- 23 Jan 20
Crime fiction is one of the most popular literary genres – and for good reason. After all, almost everybody likes a good ‘whodunnit?’. But how do you approach the task of creating a fictional world that’s believable? What are the most important factors in developing a character? And what, in the end, makes a crime novel really work? We talk to Paul Charles to find out.
Paul Charles is a master of his craft. Over the past two decades, the Northern Irish-born, London-based author has been spinning acclaimed crime tales in his series on DI Christy Kennedy – ten in all. Indeed, when the Inspector Starrett series and the McCusker mysteries are added, he has 15 crime novels to his credit. And there’s five more stand-alone novels, which takes him up to 20 overall. And that’s just his fiction.
Actually, make that twenty-one. Departing Shadows, the most recent addition to the Christy Kennedy series (it’s No.11, fact fiends!), was released last month. So, how does this marvellously prolific writer go about his business? How does he prepare? And what is the key advice that he’d give to aspiring crime writers?
That he has a day job as well, as a leading music agent – he has worked closely with the likes of Tom Waits, The Waterboys, Jackson Browne, Van Morrison, Christy Moore, Tanita Tikaram, Ani di Franco, The Blue Nile and The Kinks, among many more – only makes his achievements all the more impressive. But we are here today to talk about the fine art of spinning a good yarn – and how you might prepare yourself for a life of crime (writing)!
Paul Charles’ top tips for Crime Writers
1. Read Wisely and Well
It may seem obvious, but before you even pick up a pen, or sit down at a keyboard, Paul Charles recommends avid reading. Everything you learn is likely to go down on the page sooner or later! In particular, one should be well-versed in crime literature, in true crime and, ideally, in at least basic forensics: the inevitable, ‘how did they figure that out?’ bit. “I devour true crime stories,” Paul says. But that’s just the start of it. Charles also recommends reading broadly: about pigeon racing, the tarot, drugs, music, science, bingo! Having in-depth knowledge in your back pocket on other topics, which can add layers to a story, is a great advantage, and – well used! – makes for a far more engaging read.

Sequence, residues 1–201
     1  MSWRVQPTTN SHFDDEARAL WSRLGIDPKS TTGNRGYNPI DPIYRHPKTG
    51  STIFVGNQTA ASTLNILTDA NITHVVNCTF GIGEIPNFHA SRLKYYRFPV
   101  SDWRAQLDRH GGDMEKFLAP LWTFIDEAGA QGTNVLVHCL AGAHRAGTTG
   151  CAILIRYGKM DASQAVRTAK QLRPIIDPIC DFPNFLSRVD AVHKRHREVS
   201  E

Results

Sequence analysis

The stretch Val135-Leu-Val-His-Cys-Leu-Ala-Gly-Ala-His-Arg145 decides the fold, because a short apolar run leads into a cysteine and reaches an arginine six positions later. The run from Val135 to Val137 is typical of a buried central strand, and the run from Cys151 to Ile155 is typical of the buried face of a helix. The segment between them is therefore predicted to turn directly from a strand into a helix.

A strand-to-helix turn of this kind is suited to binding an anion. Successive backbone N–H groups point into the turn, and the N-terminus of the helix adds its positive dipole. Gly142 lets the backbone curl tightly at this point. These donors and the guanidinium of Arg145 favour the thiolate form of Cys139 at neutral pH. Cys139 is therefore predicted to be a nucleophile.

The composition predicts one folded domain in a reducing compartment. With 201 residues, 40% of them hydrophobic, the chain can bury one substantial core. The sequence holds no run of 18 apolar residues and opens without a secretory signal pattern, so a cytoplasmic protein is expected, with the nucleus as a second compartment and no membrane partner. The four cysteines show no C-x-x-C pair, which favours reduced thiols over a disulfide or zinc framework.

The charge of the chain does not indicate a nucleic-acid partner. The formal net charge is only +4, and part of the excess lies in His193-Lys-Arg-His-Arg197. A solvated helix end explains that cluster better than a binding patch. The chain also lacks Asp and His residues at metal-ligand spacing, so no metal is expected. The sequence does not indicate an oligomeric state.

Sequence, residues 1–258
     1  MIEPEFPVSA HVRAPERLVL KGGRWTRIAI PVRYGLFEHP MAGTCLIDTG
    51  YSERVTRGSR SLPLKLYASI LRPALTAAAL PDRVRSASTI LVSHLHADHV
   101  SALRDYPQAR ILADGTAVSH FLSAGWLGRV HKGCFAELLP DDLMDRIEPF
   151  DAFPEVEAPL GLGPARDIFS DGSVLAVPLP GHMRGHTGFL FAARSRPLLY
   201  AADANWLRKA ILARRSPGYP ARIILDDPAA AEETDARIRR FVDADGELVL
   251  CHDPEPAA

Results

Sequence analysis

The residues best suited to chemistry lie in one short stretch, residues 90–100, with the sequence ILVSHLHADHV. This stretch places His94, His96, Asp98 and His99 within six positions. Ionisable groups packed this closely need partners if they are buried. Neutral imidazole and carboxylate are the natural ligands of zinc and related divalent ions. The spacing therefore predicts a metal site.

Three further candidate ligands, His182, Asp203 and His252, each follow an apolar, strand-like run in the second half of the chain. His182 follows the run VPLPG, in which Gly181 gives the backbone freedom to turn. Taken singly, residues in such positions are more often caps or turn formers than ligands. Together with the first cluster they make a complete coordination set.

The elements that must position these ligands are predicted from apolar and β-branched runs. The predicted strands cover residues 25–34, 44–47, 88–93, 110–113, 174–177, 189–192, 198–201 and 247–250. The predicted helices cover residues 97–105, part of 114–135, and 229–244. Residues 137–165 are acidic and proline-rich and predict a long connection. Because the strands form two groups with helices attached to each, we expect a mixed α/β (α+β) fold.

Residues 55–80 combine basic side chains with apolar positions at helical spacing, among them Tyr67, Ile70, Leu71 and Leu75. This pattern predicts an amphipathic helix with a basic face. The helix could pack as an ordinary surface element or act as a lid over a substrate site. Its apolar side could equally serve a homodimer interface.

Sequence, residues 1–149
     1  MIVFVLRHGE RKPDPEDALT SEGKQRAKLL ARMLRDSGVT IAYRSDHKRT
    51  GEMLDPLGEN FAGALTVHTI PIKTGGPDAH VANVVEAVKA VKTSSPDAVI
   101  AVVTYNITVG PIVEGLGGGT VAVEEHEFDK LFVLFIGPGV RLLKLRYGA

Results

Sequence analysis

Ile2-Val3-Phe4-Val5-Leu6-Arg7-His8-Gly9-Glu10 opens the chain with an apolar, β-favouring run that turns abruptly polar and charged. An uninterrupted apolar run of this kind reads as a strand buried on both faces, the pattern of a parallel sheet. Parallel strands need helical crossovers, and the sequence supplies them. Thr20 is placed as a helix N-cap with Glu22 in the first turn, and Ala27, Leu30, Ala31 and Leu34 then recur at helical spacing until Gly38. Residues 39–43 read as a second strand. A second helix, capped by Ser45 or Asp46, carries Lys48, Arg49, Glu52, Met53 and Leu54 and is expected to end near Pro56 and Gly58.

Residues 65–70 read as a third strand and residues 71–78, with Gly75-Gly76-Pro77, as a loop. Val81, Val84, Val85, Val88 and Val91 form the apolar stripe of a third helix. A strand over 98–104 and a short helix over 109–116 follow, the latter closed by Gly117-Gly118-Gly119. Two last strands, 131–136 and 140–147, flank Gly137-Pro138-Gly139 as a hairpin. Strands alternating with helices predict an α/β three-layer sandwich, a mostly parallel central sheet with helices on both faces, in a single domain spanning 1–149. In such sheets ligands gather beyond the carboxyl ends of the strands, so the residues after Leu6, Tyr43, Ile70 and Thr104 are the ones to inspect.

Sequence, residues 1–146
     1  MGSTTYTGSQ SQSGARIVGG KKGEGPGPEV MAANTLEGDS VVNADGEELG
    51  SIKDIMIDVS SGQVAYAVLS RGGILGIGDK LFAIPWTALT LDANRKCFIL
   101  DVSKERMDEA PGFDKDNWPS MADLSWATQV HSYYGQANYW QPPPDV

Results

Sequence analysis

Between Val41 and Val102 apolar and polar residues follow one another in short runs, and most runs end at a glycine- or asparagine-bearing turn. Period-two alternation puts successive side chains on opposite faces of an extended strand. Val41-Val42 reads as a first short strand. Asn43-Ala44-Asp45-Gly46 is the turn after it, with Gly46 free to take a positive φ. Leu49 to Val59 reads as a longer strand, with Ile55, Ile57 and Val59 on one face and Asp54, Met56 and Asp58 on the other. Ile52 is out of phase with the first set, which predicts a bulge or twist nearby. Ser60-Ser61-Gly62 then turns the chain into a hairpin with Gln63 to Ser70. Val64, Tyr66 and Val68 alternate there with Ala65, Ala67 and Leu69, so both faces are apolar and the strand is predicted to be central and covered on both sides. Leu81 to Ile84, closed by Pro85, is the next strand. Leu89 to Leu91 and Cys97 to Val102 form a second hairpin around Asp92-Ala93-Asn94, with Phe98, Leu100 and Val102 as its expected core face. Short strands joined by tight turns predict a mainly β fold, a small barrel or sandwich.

2. Imagine The Perfect Crime
A crime story isn’t going to work without a crime that needs to be solved. It’s one of the key elements of any good crime novel, and often times that means you need a more-or-less perfect dastardly deed to keep readers guessing. “In each Kennedy story, I incorporate one unique method of murder,” Paul reveals. “My books are not as simple as someone just getting shot or ending up with a knife in the back.” Ideally, my dear friends, there should be more to the murder than that! The thing is that it is up to every writer to dream up their own special form of gore. It’s important to note that Paul’s murders may be unique, but they’re never far-fetched. “I’ve done a lot of experiments and fine-tuning to make sure the murders come across as real,” he confesses.
3. Choose The Right Setting